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“You enter the extraordinary by way of the ordinary.” ~Frederick Buechner

Thursday, August 16, 2018

Journal With Impact: Travel Brainstorms Part One

Workshop: Six Conversations for Writing Creative Journals

“Writing fiction set in actual locations, either contemporary or historical, is both restricting and inspiring. Restricting in that we’re bound by reality, but inspiring since reality often provides story or character ideas. “                  Sarah Sundin

Brainstorm Fiction Prompts Part One  

Using fiction techniques as a brainstorm, to share your story and your travel world, often reminds us of missing details or unexpected gems. Here are six exercises that are focused on city settings as an example. Or you can substitute the city for any other aspect of your travel focus. Also consider turning yourself, or one of your travel companions, into a fictional character while doing these prompts to see what emotional connections might rise to the surface.

The reality of our world, its emotional resonance, and unique atmosphere, will be found in the details. Either we see it though the familiarity and ordinariness of our main character, or we see its strangeness through her confusion or entrancement. So it’s important for us to know the details ourselves. Just as we can walk around our homes in the dark, knowing exactly where we are, so must our characters. What is real to them needs to be real to us. This provides authentic atmosphere, tone, and mood. We don’t need to invent everything, but we do need to learn to develop an instinct to connect details with emotions effectively.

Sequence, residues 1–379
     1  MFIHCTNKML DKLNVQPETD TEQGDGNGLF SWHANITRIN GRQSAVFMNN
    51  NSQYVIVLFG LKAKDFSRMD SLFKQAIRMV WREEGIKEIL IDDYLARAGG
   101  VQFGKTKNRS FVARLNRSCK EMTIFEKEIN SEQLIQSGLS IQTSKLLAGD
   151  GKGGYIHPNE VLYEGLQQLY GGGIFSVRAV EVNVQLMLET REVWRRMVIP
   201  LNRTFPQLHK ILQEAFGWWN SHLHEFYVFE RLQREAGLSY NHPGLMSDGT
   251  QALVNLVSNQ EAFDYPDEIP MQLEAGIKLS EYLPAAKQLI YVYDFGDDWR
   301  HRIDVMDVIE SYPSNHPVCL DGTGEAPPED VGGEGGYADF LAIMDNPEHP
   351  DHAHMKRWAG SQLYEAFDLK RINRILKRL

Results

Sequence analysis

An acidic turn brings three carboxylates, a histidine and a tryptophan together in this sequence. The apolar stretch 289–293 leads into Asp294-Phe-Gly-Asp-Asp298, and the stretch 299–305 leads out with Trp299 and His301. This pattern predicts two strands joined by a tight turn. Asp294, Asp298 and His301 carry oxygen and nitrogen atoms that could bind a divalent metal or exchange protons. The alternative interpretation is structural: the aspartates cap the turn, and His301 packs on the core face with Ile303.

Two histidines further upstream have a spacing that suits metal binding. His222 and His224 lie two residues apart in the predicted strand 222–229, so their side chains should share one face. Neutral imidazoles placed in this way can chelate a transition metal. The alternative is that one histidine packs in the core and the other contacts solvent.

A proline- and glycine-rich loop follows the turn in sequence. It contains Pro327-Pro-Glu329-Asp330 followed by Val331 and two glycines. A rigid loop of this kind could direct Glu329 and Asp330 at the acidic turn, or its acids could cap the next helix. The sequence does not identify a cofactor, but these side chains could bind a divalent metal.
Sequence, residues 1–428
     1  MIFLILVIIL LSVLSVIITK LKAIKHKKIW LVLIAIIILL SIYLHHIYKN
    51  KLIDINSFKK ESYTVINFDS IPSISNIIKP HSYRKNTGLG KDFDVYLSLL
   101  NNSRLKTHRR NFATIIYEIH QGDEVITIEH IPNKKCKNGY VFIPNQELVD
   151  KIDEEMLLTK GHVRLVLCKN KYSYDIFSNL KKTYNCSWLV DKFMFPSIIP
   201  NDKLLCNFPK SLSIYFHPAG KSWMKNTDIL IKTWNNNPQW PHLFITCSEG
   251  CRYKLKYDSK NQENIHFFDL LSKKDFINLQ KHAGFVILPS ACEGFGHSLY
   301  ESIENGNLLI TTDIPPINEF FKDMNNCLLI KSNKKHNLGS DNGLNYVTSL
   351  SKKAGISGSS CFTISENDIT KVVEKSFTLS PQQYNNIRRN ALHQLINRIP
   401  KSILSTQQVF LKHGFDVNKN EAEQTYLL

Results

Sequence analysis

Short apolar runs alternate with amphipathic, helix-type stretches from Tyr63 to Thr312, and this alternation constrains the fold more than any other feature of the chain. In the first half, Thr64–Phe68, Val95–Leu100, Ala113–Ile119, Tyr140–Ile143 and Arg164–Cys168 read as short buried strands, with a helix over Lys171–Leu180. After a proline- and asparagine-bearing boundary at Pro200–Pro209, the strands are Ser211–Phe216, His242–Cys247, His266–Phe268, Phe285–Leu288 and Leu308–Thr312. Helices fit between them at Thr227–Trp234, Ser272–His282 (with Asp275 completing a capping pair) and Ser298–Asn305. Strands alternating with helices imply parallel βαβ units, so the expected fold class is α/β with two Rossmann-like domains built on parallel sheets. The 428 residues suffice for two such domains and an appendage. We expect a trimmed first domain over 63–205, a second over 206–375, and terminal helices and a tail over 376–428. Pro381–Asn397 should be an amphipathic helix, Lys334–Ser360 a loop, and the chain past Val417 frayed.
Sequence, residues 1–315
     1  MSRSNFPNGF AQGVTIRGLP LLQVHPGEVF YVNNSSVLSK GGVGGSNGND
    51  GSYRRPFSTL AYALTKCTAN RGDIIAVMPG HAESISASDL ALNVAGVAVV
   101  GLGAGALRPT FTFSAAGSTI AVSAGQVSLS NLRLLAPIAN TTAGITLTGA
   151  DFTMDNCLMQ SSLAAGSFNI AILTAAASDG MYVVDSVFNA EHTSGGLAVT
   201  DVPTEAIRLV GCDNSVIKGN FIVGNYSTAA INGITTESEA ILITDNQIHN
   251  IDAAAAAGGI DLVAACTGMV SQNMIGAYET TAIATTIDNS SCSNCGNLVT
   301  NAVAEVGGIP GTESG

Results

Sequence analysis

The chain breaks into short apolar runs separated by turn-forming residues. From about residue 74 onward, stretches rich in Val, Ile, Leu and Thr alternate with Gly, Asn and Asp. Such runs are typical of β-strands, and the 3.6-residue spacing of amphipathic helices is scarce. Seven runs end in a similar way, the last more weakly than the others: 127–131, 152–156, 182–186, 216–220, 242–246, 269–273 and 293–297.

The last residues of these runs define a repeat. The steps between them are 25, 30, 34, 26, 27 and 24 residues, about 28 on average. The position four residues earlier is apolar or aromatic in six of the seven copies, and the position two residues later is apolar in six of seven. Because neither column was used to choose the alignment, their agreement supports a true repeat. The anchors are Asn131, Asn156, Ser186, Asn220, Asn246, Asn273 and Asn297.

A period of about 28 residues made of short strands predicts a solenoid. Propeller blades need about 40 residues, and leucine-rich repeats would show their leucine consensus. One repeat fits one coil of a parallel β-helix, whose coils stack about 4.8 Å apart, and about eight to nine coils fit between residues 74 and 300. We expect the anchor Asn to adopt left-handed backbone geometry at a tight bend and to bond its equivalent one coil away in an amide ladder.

Where to start? Right here—exactly where your character is now.

Action Steps:

Free-write: Set a timer so you’re not clock watching. Write without stopping for eight to ten minutes. If you can’t think of the next word—repeat the last word until something else comes to mind, even if it’s random. Write thoughts—words—sentences—whatever comes out. Ignore spelling and punctuation. Don’t lift the pen from the page!

Exercise One. Choose the room your character wakes up in. Start from her first moments of consciousness and go. Is it a familiar bed or not? Sheets—yes or no—clean or dirty—silk or cotton or straw or an unknown substance?

Exercise One, Part Two. Choose a city that will be in your world, real or imaginary, regardless of whether one of your characters will ever go there. It can be a myth, a historical place, or current to your character. Free-write everything you think you know about this city, or you think it will be about.

Did any detail surprise you?

Cluster: Take a word and place it in the middle of a page and then make spokes out to bubbles from it with word associates. For each of the words you choose, repeat the process. Go out as far you can. 

Exercise Two: Choose a word or a thought, either for theme, or potential research, from your free-write and cluster out all the ideas as far as you can.

Share: How far did you get? Which brainstorm of the two generated the most material for you?

Part Two brainstorm on Saturday

Read deep, marcy


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